VINAY SHANKAR Vs. DIRECTOR GENERAL OF HEALTH SERVICES
LAWS(SC)-1990-11-32
SUPREME COURT OF INDIA (FROM: BOMBAY)
Decided on November 26,1990

VINAY SHANKAR Appellant
VERSUS
DIRECTOR GENERAL OF HEALTH SERVICES Respondents


Cited Judgements :-

MAAANAPALLE INSTITUTE OF TECHNOLOGY AND SCIENCE VS. STATE OF ANDHRA PRADESH [LAWS(APH)-2000-2-80] [REFERRED TO]
ANANDA RAMA RAO B VS. STATE OF ANDHRA PRADESH [LAWS(APH)-2001-4-84] [REFERRED TO]
MULANI AKASH JAYSUKHBHAI VS. UNION OF INDIA [LAWS(GJH)-2011-8-243] [REFERRED]
JIMMY ABRAHAM THOMAS VS. STATE OF MAHARASHTRA [LAWS(BOM)-2001-9-22] [REFERRED TO]


JUDGEMENT

- (1.)The Indian Medical Council has moved this application for the mo fication of the order dated 8-2-1990 of this Court. This application is made in the context of certain directions issued by this Court in W. P. No. 1253 of 1989 on an application moved by the State of Maharashtra.
(2.)It is relevant to recall that the State of Mahai.ashtra filled-up with some of the State's candidates certain seats in its Medical College which were otherwise unavailable to it having been earmarked for the All-India quota.That arrangement having been found to be in conflict with the directions issued by this Court on 20-12-1989 in the matter of allotinent of seats to the candidates in waitlist in the All-India quota, some seats so allotted by the State in favour of its own local students came to exceed the permitted in-take in the concerned medical colleges. It was observed by this Court in the course of its order dated 8-2-1990 that the State Government may absorb those admissions by an appropriate and corresponding increase in the in-take.
(3.)The stand of the Indian Medical Council is that certain observations made in the course of the order and in particular para8 thereof, are susceptible of being construed as a mandate to the Indian Medical Council to permit such increase in the in-take that those observations and directions having been made without an oppertunity for the Medical Council of being opportunity for the medical council of beingheard should be treated as merely tentative and not find and that the Indian, Medicaln Council, be heard in the matter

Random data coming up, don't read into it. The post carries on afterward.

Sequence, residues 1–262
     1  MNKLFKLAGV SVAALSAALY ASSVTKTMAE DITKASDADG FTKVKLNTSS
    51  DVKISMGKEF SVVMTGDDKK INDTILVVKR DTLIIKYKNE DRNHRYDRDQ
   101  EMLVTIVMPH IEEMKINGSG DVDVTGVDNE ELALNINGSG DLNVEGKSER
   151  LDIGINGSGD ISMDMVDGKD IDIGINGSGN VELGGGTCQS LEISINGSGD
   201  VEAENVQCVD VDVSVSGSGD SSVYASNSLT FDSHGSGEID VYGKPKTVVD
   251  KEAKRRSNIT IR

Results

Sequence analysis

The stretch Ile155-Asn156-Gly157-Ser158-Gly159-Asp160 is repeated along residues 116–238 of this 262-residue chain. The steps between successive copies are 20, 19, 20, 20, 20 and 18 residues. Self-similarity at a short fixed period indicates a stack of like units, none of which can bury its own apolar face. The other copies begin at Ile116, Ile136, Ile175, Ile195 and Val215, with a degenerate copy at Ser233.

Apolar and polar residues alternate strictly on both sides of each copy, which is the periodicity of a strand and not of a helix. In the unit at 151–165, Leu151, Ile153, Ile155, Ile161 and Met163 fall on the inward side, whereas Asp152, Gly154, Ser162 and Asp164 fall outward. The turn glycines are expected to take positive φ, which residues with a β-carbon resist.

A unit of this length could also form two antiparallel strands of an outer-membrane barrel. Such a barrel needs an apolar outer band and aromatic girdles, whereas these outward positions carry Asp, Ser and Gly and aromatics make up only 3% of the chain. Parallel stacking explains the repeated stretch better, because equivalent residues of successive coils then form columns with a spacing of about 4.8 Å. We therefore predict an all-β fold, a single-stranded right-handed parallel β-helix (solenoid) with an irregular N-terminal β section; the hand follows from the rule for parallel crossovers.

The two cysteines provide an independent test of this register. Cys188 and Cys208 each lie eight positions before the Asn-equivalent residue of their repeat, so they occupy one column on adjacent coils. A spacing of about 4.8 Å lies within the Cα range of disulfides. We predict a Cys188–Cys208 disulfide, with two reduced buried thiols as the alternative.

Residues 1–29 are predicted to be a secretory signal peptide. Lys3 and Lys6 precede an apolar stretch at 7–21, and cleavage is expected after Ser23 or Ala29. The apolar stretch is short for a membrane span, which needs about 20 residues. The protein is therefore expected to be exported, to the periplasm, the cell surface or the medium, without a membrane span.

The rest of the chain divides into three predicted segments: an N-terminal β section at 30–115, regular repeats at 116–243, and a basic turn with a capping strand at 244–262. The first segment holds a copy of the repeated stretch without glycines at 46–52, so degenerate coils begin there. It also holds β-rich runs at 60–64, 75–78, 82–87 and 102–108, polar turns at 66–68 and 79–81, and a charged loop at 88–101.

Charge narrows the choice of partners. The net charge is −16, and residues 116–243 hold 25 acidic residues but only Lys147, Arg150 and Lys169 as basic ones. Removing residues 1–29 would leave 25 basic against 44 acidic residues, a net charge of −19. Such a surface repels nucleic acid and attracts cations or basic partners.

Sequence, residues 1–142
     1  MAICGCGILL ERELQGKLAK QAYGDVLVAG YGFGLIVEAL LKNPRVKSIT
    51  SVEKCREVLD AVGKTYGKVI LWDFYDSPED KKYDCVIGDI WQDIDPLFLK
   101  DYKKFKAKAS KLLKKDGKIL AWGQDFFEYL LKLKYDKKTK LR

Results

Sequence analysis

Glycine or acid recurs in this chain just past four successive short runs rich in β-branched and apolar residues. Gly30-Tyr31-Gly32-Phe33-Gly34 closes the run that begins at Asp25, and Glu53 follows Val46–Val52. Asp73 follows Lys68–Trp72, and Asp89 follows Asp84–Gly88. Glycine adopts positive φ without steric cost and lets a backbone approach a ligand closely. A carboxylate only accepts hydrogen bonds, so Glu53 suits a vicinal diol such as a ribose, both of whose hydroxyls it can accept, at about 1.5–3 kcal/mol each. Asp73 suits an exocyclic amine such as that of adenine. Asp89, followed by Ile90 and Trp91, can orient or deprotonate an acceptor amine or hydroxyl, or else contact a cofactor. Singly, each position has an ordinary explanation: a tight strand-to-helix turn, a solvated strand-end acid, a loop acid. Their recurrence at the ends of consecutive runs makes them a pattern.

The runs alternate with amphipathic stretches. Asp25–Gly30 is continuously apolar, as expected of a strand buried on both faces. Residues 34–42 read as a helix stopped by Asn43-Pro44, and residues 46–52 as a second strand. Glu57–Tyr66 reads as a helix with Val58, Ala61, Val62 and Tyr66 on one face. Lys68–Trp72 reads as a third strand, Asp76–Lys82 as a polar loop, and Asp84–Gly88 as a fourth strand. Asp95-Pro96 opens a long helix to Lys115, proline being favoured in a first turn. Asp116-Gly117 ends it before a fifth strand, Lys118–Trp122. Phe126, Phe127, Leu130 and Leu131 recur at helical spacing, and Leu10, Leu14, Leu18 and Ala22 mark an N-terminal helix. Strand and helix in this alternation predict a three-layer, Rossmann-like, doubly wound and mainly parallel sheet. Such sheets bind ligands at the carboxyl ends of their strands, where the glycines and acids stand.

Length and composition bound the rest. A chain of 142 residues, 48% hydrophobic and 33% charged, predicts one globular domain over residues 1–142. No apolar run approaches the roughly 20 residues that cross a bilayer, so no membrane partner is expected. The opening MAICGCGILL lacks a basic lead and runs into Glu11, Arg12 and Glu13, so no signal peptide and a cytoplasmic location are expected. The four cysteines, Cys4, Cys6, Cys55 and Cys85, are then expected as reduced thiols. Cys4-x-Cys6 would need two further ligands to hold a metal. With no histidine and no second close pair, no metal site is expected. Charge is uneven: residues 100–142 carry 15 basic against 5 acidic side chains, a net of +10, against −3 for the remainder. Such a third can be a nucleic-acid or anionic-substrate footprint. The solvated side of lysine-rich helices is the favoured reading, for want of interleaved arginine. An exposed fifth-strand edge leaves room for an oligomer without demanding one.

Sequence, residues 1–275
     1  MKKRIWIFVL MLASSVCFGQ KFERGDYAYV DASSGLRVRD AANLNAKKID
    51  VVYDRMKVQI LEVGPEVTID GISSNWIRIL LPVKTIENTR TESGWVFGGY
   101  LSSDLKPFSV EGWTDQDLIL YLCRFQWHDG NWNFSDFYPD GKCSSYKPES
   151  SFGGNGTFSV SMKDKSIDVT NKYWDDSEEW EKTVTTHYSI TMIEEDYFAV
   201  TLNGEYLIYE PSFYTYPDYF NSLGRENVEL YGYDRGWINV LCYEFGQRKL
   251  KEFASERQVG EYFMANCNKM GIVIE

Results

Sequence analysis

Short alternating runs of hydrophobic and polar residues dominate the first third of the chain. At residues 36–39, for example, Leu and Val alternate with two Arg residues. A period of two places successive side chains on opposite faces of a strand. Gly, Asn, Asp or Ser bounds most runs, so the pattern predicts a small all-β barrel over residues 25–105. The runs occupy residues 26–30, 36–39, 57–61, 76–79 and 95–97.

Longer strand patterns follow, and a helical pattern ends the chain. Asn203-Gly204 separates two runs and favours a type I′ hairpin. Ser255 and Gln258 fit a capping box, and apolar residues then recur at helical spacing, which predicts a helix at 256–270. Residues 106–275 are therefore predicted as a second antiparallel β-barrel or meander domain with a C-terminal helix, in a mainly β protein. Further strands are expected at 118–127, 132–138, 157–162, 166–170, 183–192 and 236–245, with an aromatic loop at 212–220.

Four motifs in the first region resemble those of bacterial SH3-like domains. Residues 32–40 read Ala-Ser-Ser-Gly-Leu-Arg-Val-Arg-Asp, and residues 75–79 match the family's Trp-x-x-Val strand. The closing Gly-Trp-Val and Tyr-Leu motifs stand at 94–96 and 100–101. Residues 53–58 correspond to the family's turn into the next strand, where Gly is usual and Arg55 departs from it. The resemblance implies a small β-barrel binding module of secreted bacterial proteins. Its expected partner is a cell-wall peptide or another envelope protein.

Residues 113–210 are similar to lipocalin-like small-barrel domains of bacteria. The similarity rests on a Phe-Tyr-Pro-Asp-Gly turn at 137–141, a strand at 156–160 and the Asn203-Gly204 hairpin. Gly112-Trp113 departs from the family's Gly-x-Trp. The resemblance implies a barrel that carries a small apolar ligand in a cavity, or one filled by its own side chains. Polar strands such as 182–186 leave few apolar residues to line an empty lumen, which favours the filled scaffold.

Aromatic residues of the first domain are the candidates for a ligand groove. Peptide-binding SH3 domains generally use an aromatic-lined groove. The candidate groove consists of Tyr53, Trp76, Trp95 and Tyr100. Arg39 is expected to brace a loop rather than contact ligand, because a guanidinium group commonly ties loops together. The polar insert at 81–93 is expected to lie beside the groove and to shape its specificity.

It is not necessary to go into t,he question whether, having recard to the nature of the directions issued the Indian Medical Council should been heard. Suffering it is to say that the observation cannot be construed as compelling the Indian Medical Council to abdicate its statutory obligation and to permit the increase of the in-take sought for by the State of Maharashtra without the State of Maharastra being required to satisfy the Council as to the availability of nstructional facilities to support the additional in-take. Indeed. during the pendency of tlits application. we are told the State of Maharashtra did furnish the requisite, particulars and data which, according to the State, should even otherwise justify the increase in the in-take so absorb the extra admissions.Thecas o f the State of Maharashtra appears to be that if the seats kept vacant in the other colleges in the State are taken into account the extra in-take would only be marginal and could, at all events, be justified on the basis of the bed-strength and the instructional facilities available in the colleges concerned. It is submitted on behalf of the State of Maharashtra that the Medical Council, after inspection, was in fact satisfied in the matter.

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